For eccentric surfer, artist, musician, board builder and muscle car-tinkerer Brian Bent, the past resonates in actionable ways. Bent builds and rides pre-WWII-style kook boxes. He builds primitive Hot Rods from scratch. He plays reverb-drenched garage rock that would've made the teens at the Rendezvous Ballroom stomp. And his wardrobe consists mostly of blue-collar, Marlon Brando-esque staples (cuffed blue jeans, white T-shirts, leather jackets), personally altered with punk rock aesthetics.
Meanwhile, Bent's artwork has lately veered into nostalgic territory, as well. A fervent consumer of surf publications since childhood, Bent has recently taken to painting SURFER Magazine covers from the mid-60s.
Over the years, Bent—who cut his teeth painting interior displays for Becker Surfboards storefronts–has developed his own idiosyncratic painting style. Working fastidiously and using bold, expressionist strokes, Bent’s paintings evoke an augmented reality that brings to mind the works of Ralph Steadman.
In reinterpreting SURFER magazine covers, Bent gives viewers a new lens through which to revisit singular moments, fleeting feelings, and defining styles in surf history. As Bent illuminates iconic surf world ephemera, there's a very Warhol-esque, pop art aesthetic at play, too–the covers as surf-world iconography that resonate with, or are at least recognizable to, generations of surfers.
We recently caught up with Bent and asked him about his favorite SURFER magazine covers and the impetus for this new series of paintings.
Were you a consumer of surf publications as a kid? Did you collect them as you were growing up?
Are you kidding me? I still have them all. In the '70s I would paint all the top surfers and characters from the mags. My uncle, Rocky Saibo, was a pro surfer and he would bring me back stickers from trips and contests. I would draw all the logos and stickers. I would get all the mags and see my uncle and all the guys he surfed with. I was always surrounding myself with surf imagery.
Do you have a favorite era of SURFER magazine?
Oh, definitely the 1960s. I was a longboarder at an early age. I sent in a letter that got printed in '85 that was under the header "Long Shot." I was kind of punk back then and I wrote about how no longboarders wanted to see how high Martin "Plotter" or Mark "Acapulco" can go out of a wave. I thought it was funny at the time. I still have that issue. It's hilarious.
But the early ’60s is what I got into. I would go to the record store and buy back issues [of SURFER magazine]. Before the Internet, I would read all those issues and I was more into the ’60s style and the black and white pictures of guys riding longboards than I was the contemporary stuff going on in the ’80s.
How and when did you decide to start painting old SURFER covers?
Two summers ago I started. I just finished an entire volume of covers from ’66. We were going to have a show at the Severson's house. The '66 series is cool because it's right when Dora started coming out with Da Cat ads and Endless Summer was going on. It was the height of longboarding. I painted sporadic ones before that, but I honed in on '66 after talking to Aaron Hennings [Creative Director] at Stance, and he suggested I do a whole series and that we could maybe do a show at the Severson's. The show never materialized, but its been really fun.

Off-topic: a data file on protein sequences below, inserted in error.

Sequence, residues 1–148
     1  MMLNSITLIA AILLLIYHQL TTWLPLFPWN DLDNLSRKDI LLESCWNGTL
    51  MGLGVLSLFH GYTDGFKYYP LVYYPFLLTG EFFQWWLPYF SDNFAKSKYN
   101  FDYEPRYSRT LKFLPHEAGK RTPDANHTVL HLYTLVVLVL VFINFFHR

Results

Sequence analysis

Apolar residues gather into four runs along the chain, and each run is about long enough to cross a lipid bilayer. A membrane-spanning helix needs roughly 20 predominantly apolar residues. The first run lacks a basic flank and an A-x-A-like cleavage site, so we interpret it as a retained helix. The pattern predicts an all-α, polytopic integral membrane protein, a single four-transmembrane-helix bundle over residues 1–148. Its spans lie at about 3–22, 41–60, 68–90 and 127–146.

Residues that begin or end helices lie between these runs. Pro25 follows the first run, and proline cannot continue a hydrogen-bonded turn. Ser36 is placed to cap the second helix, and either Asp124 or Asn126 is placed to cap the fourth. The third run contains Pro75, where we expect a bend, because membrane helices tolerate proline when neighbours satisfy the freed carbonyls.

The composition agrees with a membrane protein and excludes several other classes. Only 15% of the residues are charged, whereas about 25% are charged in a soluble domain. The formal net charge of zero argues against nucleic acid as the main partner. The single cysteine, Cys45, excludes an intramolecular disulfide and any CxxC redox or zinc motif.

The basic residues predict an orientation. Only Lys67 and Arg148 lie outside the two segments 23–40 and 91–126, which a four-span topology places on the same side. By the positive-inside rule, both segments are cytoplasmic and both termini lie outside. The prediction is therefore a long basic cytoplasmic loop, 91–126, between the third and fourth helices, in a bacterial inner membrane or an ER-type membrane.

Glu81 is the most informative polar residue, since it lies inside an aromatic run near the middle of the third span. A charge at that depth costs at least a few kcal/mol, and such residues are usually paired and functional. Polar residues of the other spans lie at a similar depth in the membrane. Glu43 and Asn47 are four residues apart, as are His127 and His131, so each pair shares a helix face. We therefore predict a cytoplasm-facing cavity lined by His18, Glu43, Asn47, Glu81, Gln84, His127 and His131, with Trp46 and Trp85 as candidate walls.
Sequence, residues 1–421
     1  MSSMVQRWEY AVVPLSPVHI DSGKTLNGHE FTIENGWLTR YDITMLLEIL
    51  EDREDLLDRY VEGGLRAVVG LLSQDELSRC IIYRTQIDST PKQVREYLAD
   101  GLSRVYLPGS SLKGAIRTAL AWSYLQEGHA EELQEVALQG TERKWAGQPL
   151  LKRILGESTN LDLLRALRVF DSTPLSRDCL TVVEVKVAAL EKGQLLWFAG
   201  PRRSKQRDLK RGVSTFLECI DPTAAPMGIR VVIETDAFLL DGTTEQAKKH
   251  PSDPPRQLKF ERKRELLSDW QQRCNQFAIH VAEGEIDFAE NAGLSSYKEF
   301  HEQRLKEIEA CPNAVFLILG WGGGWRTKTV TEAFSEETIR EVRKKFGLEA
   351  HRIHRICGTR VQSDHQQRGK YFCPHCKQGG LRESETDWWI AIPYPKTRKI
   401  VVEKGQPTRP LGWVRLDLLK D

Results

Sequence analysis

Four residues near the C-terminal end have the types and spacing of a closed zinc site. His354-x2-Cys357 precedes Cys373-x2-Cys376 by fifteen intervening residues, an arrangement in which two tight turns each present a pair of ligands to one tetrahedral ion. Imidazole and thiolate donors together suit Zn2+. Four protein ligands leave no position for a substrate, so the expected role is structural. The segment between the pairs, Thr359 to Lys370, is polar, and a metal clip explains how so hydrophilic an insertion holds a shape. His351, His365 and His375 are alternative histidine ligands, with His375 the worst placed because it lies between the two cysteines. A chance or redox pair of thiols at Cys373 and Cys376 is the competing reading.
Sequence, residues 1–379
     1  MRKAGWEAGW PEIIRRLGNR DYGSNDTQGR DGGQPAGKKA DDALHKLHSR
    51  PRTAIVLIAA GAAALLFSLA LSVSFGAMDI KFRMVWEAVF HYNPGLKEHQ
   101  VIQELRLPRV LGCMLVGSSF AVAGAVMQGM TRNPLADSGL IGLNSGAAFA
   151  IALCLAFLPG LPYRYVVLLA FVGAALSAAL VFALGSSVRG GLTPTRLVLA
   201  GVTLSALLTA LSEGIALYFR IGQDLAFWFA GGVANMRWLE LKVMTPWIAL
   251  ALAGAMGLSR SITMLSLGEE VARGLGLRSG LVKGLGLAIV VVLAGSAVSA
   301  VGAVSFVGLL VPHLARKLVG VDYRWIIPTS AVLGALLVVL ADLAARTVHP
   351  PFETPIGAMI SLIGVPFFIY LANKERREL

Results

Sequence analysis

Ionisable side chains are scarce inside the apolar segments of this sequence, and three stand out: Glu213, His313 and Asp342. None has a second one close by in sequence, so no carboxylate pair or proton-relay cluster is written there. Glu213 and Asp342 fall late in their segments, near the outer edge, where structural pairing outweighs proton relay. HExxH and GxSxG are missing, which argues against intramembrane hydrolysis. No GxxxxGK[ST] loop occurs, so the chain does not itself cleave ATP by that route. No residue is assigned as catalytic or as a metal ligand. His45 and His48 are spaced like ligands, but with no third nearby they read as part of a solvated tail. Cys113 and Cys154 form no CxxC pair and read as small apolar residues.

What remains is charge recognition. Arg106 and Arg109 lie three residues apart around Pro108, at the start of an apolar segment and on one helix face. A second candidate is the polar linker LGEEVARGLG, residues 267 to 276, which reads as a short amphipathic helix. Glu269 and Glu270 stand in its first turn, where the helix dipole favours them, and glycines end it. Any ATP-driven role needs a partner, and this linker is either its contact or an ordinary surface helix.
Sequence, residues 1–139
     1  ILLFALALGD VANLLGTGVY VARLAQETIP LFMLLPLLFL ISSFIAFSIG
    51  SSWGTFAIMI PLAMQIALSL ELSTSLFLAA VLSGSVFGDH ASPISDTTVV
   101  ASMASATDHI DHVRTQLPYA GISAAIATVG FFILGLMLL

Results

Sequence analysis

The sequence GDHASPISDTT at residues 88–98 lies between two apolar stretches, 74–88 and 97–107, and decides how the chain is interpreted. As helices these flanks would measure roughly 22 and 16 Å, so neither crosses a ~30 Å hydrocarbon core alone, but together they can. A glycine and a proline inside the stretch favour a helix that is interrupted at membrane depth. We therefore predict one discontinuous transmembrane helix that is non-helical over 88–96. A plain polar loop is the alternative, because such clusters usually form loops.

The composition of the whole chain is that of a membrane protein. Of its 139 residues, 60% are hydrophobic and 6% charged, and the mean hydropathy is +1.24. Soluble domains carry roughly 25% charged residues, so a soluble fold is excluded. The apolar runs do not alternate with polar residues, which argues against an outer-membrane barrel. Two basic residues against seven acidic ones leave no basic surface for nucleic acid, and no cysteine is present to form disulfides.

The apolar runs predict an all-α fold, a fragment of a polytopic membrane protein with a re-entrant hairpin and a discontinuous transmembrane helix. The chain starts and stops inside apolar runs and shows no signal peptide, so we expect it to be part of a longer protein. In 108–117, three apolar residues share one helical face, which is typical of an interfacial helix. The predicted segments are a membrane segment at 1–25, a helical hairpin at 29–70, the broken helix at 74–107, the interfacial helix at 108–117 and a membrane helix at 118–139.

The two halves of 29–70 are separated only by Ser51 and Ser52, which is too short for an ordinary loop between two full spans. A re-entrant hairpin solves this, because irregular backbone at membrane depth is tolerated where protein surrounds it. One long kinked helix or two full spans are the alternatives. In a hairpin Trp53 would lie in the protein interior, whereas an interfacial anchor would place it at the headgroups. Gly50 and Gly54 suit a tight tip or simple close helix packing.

When you first started doing the covers and you were randomly picking ones to paint, did you recognize specific things that drew you to particular covers?
Generally people like sunsets and they like blues and greens. So if the covers had those things, I was drawn to them. I haven't done any art covers. I’ve stuck to the photo covers. When I first started I was also doing Surf Guide and Surfing and even the Surfing Illustrated with the beautiful, Leroy Grannis covers. I was doing all of them, but I really honed in on SURFER this year.
You typically work pretty fast, right? How long does it typically take you to knock out one cover?
I typically can do one in two or three hours. I have perfect lighting in my studio starting right after I get home from a morning surf. Pretty much five days a week, I'll surf and get stoked. Then I'll go to coffee, then I'll go to lunch, then I have all day to paint. I'll put on jazz—like Lionel Hampton jazz—and by the time the sun is settling over the hills in Capistrano, I have the perfect lighting to take a photo of the painting [laughs].
Do you work that quickly on your other paintings?
Well, I've always kind of had to. I started out painting interiors for all the Becker Surfboards shops. So, I had to be quick and to the point with a lot of color. I had to make them grandiose so they stuck out. I still don't see myself as an artist as much as a concept person, or somebody trying to get their point across. It's just how I express myself. It's not that I'm even trying to go fast, I'm just really into it and I'm focusing the whole time. I have a formula, in a sense.
Is there a plan for a formal show? Have you been hit up for commissioned covers?
No plan for a show right now. You know, the idea of working up to a show was to get them out there so if people liked them, they might want to buy them. I show them on my Instagram and people contact me there or my website. You know what's funny is Roark just commissioned one of the most recent issue with Parker Coffin on the cover.
These SURFER covers are, to many surfers, highly recognizable and somewhat hallowed images. What kind of feedback have you gotten on the paintings you've done of them? I imagine there are people who have a pretty passionate connection to them?
Oh man, I had John Witzig hit me up! I had Joe Severson and his wife call me. I've been so happy that so many people really seem to love them—all over the world, too. And I've sold a bunch, which is cool.
All photos by Grant Ellis